The View from Swamptown: South County’s White Mulberry Trees Born of a Dream | The view from Swamptown

Strange as it may sound, I think it’s fair to say that the 15-foot-tall Chinese white mulberry tree that has successfully established itself in my front yard natural garden notifies me every morning when I leave my house in the west of North Kingstown to direct me to the village of Wickford. The songbirds I am trying to attract with this planned “natural” area love this young mulberry tree and I have to say that this tree, one of the first documented “invasive species” in New England, pleases me as well. Sure, it’s a bit messy with its multitude of sweet, sticky berries each summer, but this tree, like all the other Chinese mulberry trees in South County, tells the story of an early 19th century entrepreneurial venture, if one only knows how to listen. And since North Kingstown celebrated its designation as an Arbor Day community last week, I thought we should do a little tree contemplation.

As the name suggests, and the “invasive species” label implies, the Chinese white mulberry just doesn’t belong here in South County. But despite that, as a species, it’s been here for about 190 years and has done pretty well; wisely establishing its species in numbers substantial enough to ensure its continuance in perpetuity, but not in numbers that elevate it to the level of nuisance attained by its eastern cousin the Japanese bittersweet vine. The interesting historical fact about the Chinese white mulberry, found to some extent along the eastern seaboard, with areas like South County possessing a higher localized concentration, is that they were imported here from the Far exotic Orient as part of a brave and daring, though ultimately unsuccessful, enterprise which began about 1832, modeled on earlier successful ventures in Massachusetts and Connecticut, when two gentleman farmers and 19th-century amateur botanists from Wickford, the Reverend Lemuel Burge, priest of Old Narragansett Church, and his friend Henry Congdon, an innkeeper who ran the Hotel Washington on Main Street, joined this growing group of businessmen audacious in New England, New Jersey, and various southeastern states, in an attempt to establish an American silk industry. Here in Rhode Island, only four men, Burge and Congdon of Wickford Village, North Providence farmer Samuel W. Greene and Foster botanist Solomon Drowne decided to try this potentially profitable industry. Congdon and Burge, as partners, planted an astonishing 15,000 Chinese mulberry seedlings in various orchard plots in the Wickford area beginning in 1832 and, after the trees took root, then imported caterpillars silkworms by the thousands and established them on the mulberry trees, the only source of food that the true silkworm caterpillars would accept. Indeed, the accepted wisdom of this period was that one acre of young mulberry trees possessed the potential to support 540,000 silkworms. Solomon Drowne, the famed Revolutionary War physician/surgeon and Gaspee co-conspirator, who was now established as Brown University’s first-ever professor of botany, reported on the progress of the Wickford-based company , together with his and that of Samuel W. Greene North Company based in Providence, in the professional journal “The New England Farmer & Horticulturalist” for most of the 1830s. This bold enterprise was, in many respects , a success; the four men reported that the mulberry trees and silkworm caterpillars/moths did well in this southern New England environment, producing viable quantities of truly American-made silk thread each year. . Burge actually won an award from the organization in 1835 for producing 4,900 skeins of sewing floss in a single season. Unfortunately, in the end, the quantities produced were never sufficient to reach a “critical mass” necessary for a truly financially sustainable industry and one by one the four men, as well as like-minded groups in the Valley of the Connecticut River, neighboring Massachusetts and New Jersey. agricultural land, abandoned the dream of being our country’s first silk magnates.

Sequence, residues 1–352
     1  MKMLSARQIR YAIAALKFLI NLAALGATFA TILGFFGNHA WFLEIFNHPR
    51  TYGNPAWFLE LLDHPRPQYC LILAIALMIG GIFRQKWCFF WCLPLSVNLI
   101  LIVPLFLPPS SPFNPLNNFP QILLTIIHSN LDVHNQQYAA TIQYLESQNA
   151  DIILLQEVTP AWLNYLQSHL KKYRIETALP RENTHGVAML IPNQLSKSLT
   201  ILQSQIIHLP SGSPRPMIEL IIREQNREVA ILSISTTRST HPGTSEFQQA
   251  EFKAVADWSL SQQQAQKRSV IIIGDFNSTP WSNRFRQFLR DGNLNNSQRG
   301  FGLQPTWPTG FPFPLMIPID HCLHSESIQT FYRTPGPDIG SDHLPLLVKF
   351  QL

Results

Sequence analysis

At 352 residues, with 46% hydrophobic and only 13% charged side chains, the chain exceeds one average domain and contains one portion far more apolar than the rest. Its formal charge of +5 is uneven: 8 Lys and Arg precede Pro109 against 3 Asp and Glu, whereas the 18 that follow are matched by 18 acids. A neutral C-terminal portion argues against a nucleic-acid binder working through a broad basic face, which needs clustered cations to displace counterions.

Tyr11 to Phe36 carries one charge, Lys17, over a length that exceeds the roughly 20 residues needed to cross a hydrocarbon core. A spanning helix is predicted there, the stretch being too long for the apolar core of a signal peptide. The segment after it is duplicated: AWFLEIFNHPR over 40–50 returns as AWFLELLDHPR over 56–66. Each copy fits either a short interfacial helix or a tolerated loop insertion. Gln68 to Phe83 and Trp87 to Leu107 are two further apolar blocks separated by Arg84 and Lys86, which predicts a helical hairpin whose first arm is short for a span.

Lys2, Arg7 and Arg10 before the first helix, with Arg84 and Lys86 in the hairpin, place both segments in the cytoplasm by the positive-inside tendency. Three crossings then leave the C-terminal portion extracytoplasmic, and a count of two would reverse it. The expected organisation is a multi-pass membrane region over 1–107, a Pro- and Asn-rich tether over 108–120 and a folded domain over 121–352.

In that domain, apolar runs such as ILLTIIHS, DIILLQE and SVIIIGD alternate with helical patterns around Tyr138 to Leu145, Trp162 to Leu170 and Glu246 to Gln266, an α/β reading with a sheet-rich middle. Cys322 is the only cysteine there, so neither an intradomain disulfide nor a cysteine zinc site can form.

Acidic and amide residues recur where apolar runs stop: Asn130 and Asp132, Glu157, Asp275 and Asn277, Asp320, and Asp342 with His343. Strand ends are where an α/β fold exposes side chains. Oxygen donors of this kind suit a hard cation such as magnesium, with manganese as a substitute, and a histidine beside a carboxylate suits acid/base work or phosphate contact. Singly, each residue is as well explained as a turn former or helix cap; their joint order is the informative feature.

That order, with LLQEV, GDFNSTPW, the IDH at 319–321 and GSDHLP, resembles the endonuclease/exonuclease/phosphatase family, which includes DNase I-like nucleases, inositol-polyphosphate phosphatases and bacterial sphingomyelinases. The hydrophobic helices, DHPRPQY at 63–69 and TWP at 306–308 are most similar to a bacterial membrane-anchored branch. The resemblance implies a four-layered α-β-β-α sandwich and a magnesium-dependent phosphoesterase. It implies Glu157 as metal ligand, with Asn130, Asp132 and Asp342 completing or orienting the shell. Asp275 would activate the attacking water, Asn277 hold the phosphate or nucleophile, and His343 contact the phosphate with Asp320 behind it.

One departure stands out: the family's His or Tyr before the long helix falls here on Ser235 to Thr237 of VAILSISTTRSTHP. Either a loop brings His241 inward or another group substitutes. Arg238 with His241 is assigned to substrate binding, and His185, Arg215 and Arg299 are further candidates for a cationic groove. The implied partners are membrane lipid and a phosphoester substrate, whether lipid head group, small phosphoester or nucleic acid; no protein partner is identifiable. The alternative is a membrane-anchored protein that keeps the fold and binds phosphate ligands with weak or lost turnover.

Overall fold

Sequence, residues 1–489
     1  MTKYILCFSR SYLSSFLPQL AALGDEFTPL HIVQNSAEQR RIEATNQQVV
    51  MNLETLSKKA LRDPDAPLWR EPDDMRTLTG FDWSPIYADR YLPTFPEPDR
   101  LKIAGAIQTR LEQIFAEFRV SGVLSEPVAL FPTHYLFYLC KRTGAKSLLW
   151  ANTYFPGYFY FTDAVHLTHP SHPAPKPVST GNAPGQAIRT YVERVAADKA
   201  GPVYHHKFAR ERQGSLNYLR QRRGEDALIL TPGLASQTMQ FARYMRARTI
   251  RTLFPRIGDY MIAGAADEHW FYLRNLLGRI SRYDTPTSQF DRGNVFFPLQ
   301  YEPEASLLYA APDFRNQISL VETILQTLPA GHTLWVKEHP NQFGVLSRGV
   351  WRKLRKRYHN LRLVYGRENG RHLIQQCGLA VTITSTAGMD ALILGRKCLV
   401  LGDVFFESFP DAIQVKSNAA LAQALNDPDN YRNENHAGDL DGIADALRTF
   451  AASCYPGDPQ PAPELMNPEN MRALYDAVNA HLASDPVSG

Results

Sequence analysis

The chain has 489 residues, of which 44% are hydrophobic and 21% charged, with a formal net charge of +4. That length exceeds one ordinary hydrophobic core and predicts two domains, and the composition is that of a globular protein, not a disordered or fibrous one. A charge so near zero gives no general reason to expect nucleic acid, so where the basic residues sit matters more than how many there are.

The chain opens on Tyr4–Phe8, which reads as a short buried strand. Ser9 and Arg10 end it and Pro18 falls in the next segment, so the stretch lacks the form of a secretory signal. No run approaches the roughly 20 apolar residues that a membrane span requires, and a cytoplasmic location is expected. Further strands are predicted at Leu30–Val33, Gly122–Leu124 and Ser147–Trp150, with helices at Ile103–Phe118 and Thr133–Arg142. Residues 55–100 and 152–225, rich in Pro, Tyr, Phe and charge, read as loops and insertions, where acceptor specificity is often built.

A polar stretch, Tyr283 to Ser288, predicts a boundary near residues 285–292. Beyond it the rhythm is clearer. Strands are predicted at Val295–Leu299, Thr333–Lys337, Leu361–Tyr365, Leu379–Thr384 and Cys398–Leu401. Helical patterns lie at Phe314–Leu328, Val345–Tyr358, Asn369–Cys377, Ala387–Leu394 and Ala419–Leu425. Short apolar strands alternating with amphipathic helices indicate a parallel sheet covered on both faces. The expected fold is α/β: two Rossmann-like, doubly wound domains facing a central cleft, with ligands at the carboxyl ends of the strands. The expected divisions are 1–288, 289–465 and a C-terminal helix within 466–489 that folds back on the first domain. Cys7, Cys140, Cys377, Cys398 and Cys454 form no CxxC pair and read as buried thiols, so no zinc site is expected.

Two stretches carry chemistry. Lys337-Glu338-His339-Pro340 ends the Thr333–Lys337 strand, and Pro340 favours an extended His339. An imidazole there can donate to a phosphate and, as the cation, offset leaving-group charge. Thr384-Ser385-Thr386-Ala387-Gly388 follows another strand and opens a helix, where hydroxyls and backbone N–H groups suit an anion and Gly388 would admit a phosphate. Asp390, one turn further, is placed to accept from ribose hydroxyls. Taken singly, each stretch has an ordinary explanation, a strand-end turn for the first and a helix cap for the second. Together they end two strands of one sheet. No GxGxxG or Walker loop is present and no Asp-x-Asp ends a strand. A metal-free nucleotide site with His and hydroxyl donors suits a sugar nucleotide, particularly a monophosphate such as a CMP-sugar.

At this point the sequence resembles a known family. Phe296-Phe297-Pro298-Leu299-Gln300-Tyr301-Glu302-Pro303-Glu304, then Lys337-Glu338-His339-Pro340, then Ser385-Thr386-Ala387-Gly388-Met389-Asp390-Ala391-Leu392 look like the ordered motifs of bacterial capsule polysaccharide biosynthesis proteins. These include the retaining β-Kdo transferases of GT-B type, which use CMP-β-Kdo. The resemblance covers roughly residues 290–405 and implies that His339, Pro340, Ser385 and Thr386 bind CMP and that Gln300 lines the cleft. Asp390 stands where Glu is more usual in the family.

However, Chinese white mulberries never gave up and never left. Even though Henry Congdon and Lemuel Burge eventually returned their many orchard lots to more traditional fruit production, the Mulberries, whose lasting little seed spreads reliably in bird droppings, have established themselves for eternity, it seems, along the edges of the forest and in the unused farmhouse. fields all around south county. That’s right, they are, like true invaders, here to stay and benevolently inform all who will listen, about an age when daring businessmen who called South County their home, have imported their ancestors in bundles of expensive, closely-knit seedlings sent all the way from exotic China, to make something so American — Take the risk of a bold dream!

The author is the town historian of North Kingstown. The opinions expressed here are his own.

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